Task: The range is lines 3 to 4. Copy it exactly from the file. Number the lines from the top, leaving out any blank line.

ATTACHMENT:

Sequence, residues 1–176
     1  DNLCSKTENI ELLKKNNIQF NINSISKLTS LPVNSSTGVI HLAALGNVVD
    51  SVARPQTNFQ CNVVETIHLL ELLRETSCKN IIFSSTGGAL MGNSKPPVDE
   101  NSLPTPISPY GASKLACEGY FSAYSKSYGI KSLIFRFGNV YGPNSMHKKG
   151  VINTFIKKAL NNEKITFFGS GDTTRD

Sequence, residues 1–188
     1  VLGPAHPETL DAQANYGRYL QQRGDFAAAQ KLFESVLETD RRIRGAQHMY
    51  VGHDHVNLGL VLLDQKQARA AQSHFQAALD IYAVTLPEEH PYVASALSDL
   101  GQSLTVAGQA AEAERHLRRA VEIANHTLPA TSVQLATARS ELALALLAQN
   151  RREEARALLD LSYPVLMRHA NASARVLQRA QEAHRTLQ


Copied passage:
    51  SVARPQTNFQ CNVVETIHLL ELLRETSCKN IIFSSTGGAL MGNSKPPVDE
   101  NSLPTPISPY GASKLACEGY FSAYSKSYGI KSLIFRFGNV YGPNSMHKKG